M2030xCOVID19 Private Sector Roundtable

July 28th, 2020 – The “M2030xCOVID19 Private Sector Roundtable” brought together leaders from leading Asian businesses and foundations in a webinar format to discuss how the private sector is contributing to malaria elimination and the fight against COVID-19. Held in partnership with the Asia Pacific Malaria Leaders Alliance and the World Economic Forum, the panel of speakers featured M2030 Champions in addition to guest messages from the Bill & Melinda Gates Foundation and the Global Fund.

The M2030 Champions Council was formed by M2030 in April 2019 together with the World Economic Forum and APLMA. Consisting of CEOs, founders and Executive Directors from the private and public sector, members drive corporate leadership to end malaria within their sphere of influence. During the “M2030xCOVID19 Private Sector Roundtable”, the M2030 Champions shared what their businesses and foundations have been doing to eliminate malaria while also responding to COVID-19.

Three main points from the discussion could be summarized as:

  • We must not lose focus on malaria. The ongoing COVID-19 pandemic is understandably everyone’s priority, but we can’t lose focus on eliminating other deadly diseases like malaria. We are so close to eliminating malaria in Asia, but could easily lose this progress if we don’t keep up the fight.
  • Investing in public health helps both malaria elimination and COVID-19 response. Eliminating malaria and fighting COVID-19 require similar approaches in many ways, and investments in strong health systems will help us fight both diseases.
  • The private sector has an important role in solving public health problems like malaria and COVID-19. Solving complex problems like malaria and COVID-19 requires help from all sectors, including governments, civil society, and the private sector. This is why leadership from the M2030 Champions Council and M2030 businesses is so important.

The full video of the event is available here.

A video message played during the event from Peter Sands, Executive Director of the Global Fund to Fight AIDS, Tuberculosis and Malaria, and is available here.

A short clip summarizing Yoma Strategic Holdings’ M2030 campaigns for malaria elimination and COVID-19 also played during the event, and can be viewed here.

Key quotes from the discussion:

Ruby Shang, Board Member for the Asia Pacific Leaders Malaria Alliance and M2030:

“Just in the last 8 years, malaria cases in Asia have dropped by 50% and mortality rates by 80%. This is unprecedented. This means we have better trained healthcare workers and more efficient health systems in place to identify and treat malaria. Never before have we been this close, and never before have the stakes been higher.”

Jennifer Gardy, Deputy Director of Surveillance, Data, and Epidemiology of the Bill & Melinda Gates Foundation:

“Gains in malaria have been precious, but those gains are also precarious. The slightest lapse in our resolve, the smallest stutter in our response, could reverse decades of hard-won progress.”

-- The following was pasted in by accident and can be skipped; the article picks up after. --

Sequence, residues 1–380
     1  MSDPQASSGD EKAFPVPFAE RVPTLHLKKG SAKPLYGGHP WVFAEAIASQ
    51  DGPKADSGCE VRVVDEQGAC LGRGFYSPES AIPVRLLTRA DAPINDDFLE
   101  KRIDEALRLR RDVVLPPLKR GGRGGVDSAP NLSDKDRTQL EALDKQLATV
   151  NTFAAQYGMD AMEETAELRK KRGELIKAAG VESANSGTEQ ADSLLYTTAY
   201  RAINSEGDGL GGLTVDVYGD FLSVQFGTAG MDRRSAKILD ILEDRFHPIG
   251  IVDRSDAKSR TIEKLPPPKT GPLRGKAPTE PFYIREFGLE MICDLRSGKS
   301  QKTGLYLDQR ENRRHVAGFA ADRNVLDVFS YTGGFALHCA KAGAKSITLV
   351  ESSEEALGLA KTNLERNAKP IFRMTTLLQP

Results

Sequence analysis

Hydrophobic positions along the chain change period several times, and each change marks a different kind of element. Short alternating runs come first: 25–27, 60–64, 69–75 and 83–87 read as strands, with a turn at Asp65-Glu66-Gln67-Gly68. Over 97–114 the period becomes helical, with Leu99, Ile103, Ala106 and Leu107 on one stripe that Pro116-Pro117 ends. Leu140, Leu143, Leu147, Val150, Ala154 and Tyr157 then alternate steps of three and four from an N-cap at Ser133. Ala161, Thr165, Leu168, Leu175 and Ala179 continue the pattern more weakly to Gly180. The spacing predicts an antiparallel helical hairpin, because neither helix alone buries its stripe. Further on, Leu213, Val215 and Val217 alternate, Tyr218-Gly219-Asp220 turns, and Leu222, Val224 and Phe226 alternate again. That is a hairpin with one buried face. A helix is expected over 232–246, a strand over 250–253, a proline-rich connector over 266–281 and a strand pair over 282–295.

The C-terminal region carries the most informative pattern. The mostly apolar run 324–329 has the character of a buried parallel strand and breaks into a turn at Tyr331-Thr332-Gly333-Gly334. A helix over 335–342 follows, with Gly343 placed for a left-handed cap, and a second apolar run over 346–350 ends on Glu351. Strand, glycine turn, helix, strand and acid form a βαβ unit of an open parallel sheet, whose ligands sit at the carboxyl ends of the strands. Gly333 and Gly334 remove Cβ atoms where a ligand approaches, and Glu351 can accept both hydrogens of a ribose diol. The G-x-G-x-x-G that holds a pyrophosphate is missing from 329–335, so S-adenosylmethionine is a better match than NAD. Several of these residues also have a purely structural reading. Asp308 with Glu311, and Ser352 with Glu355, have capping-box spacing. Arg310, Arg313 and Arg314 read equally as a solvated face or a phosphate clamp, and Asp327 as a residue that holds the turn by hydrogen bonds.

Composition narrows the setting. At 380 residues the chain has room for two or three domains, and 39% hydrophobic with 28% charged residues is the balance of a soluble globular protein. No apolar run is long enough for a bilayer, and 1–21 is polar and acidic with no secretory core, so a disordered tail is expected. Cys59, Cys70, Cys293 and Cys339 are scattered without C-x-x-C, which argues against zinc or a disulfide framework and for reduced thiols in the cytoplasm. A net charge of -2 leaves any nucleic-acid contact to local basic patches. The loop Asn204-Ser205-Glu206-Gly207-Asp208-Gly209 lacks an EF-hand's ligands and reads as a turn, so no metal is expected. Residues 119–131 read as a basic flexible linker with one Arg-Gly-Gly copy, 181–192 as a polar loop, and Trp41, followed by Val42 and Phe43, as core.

Yuliana, Chief Executive Officer of the Tahir Foundation:

“We are honored to work together with civil society and the government to improve healthcare in particular. This is not only a government responsibility, but ours too from the private sector. We also encourage more businesses in the private sector to contribute and get involved more actively, not only locally but globally if possible.”

Melvyn Pun, CEO & Executive Director of Yoma Strategic Holdings Ltd.:

“In developing countries, businesses have a disproportionate role in driving various initiatives and various business practices. Businesses do not just serve customers, staff and shareholders – they serve communities. [When the COVID-19 pandemic arrived] We started to think about what we can do for broader communities. It’s not just a nice thing to do, but it is actually essential.”

Peter Sands, Executive Director of The Global Fund to Fight AIDS, Tuberculosis and Malaria:

“We could see malaria deaths double over the next 12 months due to disruption to vector control, testing and treatment, and case management [because of the COVID-19 pandemic]. Doubling malaria cases would take us back to a global death toll we haven’t seen for 20 years. We cannot let that happen.”

“This is a crisis that could set back the fight against malaria many years, or if we rise to the challenge and act together, it could be an opportunity for us to redouble and accelerate the progress we are making.”

Win Win Tint, Group CEO of City Holdings Ltd.:

“Previously, most businesses focused [corporate social responsibility] on climate change and environmental impact, and underestimated the impact of a global health crisis. COVID has made everyone realize how important [investment in public health] is. COVID is more than just a health crisis, and also has social and economic impacts.”

Dr. Wit Soontaranun, Director of Dhanin Tawee Chearavanont Foundation:

“Wearing masks is now common in Thailand. It is not about protecting yourself, but about protecting others. This is the sort of mindset we would like people in society to have about fighting any disease – not just COVID, but malaria or any other disease.”

Patrik Silborn, Head of External Relations, Asia Pacific Leaders Malaria Alliance:

“To fight malaria and end COVID-19, we need all hands on deck. We need governments. We need businesses. We need individuals. We need civil society. That’s why this leadership from the M2030 businesses is so important. It’s really heartening to see that M2030 businesses are now focusing on both malaria and COVID-19. It’s not a choice of either-or, it’s doing both.”


Leave a Reply